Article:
Google Buys Motorola: Winners & Losers
Google (GOOG) is buying Motorola Mobility (MMI) for $12.3 billion, its largest-ever acquisition. According to the AP, the deal is a "sign the online search leader is serious about expanding beyond its core Internet business." While the dust is settling, let's examine the winners and losers of the deal.
Winner No. 1: Motorola shareholders
To put it bluntly, they just lucked out -- the buyout represents about a 63% premium over Friday's closing stock price. Before Motorola split into two separate companies (Mobility and Motorola Solutions (MSI)), its stock price had crumbled over the past five years.
The activist investor Carl Icahn got involved in Motorola as its fortunes dwindled -- rarely a good sign for management. Icahn is a clear winner today as well; he's the company's largest shareholder, with an 11% stake. Looks like his wishes came true.
Winner No. 2: Consumers
For the growing population of smartphone users, this deal should be a big win. We'll see a more competitive top-to-bottom product from Google and Motorola, and frankly, better smartphones in stores.
Winner No. 3: Nokia (NOK)
All of a sudden, the struggling Nokia looks much more likely to be acquired by Microsoft (MSFT). In the short term, there's also a chance that Android partners that feel jilted might saber-rattle and test Windows 7 Mobile devices. (Before Microsoft fans rejoice, see below.)
Winner No. 4: Android itself
Google's Android operating system will have a better showcase forum and patents shielding its manufacturing partners from onerous licensing fees.
Loser No. 1: Major Android partners
Even though they are saying the right things this morning by praising the deal, major Android partners such as HTC and Samsung will now be the Jan Brady to Motorola's Marsha.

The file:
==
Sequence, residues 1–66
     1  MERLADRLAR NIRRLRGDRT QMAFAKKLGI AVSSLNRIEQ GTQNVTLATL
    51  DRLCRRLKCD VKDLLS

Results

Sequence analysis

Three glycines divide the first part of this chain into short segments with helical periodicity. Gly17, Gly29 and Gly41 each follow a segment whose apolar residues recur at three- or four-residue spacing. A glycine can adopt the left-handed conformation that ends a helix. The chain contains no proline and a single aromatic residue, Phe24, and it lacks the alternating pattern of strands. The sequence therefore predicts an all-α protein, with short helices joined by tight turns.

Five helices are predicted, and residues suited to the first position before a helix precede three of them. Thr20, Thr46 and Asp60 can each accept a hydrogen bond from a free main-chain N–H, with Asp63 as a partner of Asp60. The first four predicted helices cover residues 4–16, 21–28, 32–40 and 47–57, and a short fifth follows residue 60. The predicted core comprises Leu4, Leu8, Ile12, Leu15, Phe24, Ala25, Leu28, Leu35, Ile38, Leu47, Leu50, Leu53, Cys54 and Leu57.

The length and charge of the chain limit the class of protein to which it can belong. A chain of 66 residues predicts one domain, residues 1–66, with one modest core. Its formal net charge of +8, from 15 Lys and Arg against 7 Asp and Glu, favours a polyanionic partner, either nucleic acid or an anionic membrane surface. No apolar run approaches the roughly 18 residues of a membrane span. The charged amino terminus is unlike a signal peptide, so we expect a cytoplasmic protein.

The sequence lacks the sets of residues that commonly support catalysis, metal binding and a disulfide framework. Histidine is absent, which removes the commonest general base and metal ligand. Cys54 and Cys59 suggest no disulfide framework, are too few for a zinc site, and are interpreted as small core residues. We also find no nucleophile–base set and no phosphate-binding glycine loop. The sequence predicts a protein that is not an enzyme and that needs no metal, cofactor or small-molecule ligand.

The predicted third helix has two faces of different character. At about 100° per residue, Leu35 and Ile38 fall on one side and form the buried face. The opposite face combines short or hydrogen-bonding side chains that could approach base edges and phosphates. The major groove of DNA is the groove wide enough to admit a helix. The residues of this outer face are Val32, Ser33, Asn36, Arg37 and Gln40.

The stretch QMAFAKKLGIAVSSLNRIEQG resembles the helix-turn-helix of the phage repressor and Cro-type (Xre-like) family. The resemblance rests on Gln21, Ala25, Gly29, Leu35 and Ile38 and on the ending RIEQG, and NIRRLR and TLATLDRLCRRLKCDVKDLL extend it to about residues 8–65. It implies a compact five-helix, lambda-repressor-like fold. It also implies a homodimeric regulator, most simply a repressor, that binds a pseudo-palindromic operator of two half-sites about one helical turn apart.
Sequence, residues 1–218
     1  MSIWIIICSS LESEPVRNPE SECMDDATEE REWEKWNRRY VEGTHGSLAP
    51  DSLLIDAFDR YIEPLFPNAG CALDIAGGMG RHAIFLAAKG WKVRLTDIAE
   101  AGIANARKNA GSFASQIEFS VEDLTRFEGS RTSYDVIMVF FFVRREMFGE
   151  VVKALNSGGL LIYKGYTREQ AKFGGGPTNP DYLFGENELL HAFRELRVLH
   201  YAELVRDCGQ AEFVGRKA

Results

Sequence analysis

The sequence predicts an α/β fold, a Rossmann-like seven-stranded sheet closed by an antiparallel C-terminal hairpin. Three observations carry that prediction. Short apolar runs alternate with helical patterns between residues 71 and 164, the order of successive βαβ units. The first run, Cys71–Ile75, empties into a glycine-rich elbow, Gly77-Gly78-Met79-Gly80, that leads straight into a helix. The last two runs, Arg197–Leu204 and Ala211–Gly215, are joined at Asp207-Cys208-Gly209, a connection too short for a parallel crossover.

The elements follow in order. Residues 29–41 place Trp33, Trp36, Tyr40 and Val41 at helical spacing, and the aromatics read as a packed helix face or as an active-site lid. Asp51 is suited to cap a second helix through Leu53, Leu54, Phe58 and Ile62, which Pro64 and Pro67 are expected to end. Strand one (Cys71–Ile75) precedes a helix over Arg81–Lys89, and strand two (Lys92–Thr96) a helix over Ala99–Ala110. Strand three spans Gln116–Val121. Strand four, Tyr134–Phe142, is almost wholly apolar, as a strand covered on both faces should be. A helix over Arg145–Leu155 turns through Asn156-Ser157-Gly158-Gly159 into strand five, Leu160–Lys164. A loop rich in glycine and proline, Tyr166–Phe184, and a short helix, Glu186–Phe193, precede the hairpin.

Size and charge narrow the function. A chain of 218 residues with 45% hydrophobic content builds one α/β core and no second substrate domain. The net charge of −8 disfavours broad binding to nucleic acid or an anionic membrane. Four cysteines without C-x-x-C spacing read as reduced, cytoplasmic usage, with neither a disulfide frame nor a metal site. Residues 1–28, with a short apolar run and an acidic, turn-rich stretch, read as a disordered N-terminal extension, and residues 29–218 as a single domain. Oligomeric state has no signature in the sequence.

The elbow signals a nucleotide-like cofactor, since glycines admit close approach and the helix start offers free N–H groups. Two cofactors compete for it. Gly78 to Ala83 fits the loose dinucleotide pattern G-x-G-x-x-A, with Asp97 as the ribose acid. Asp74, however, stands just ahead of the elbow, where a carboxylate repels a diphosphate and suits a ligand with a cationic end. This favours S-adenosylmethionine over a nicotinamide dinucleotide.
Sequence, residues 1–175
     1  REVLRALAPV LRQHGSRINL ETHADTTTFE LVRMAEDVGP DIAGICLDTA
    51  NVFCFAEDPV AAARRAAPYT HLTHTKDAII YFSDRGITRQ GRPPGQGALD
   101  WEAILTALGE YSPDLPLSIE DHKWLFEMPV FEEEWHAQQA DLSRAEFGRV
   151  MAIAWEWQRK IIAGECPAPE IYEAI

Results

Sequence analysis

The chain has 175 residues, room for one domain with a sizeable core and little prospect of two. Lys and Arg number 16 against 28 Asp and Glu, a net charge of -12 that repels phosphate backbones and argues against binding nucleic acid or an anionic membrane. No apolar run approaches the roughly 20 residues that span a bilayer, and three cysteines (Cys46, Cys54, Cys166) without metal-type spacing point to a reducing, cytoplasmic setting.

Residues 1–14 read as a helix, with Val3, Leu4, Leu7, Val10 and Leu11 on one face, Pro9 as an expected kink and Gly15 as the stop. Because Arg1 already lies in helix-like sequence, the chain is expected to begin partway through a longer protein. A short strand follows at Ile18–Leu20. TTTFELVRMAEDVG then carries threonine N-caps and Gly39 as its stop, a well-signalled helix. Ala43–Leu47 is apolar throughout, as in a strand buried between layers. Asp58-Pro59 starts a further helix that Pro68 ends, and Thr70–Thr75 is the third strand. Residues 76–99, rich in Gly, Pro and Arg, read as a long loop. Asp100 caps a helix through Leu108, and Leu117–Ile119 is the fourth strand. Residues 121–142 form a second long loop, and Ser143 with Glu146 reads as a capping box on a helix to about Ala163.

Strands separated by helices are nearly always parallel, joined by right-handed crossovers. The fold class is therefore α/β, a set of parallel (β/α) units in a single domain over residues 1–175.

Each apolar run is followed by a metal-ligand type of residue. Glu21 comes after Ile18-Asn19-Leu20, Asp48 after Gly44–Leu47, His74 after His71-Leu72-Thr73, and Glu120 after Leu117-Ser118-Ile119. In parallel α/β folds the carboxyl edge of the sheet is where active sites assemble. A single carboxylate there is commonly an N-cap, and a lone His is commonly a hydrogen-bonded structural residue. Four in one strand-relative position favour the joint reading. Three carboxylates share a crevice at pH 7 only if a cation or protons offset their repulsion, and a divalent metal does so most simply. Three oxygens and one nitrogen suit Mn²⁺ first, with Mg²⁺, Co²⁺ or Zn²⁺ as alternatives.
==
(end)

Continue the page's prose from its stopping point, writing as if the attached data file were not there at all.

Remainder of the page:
Loser No. 2: Carriers
Carriers lose out because Google's exerting more control over the soup-to-nuts experience of smartphone use, more like Apple (AAPL) does. This takes control out of the carriers' hands, and gives them one more high-powered device manufacturer to wrangle with.
Loser No. 3: Apple
Speaking of Apple ... move over, iFranchise. There's a slick new top-to-bottom smartphone headed your way.
Loser No. 4: Microsoft
Microsoft shares were up this morning, but Mr. Softy looks to be the biggest loser here. As mentioned above, in the short term, Microsoft may benefit from some of Android's big partners' increased willingness to explore Windows 7 smartphones. But in the long run, Microsoft loses leverage. Now that Google has acquired a treasure trove of intellectual property, Microsoft will lose its ability to muscle Android partners into paying Mr. Softy licensing fees, hurting profits and giving said partners less of a reason to jump ship from Android to Windows 7.
Google is taking a calculated risk that major Android partners won't jump ship. I suspect it's right. Where else can its partners go? Nokia is pulling support from its open Symbian system, and there's little developer or consumer interest around Windows 7 Mobile. If anything, I expect Google will pitch this deal to its Android partners as a win for them, because it should relieve them of Microsoft's hostage-style licensing fees.
Of course, this Google-Motorola deal will have one big hurdle to clear: The Federal Trade Commission will examine it closely, because they review Google every time Eric Schmidt pays the kid next door to cut his grass. I suspect the buyout will clear, though, since Google is keeping Android free and open to all comers, and the deal arguably helps competition among mobile operating systems.
Someday, we'll look back on this deal as an industry game-changer. Exactly how, though, remains to be seen. What do you think? Let us know in the comments below.
Motley Fool analyst Joe Magyer owns shares of Google. The Motley Fool owns shares of Microsoft, Apple, and Google.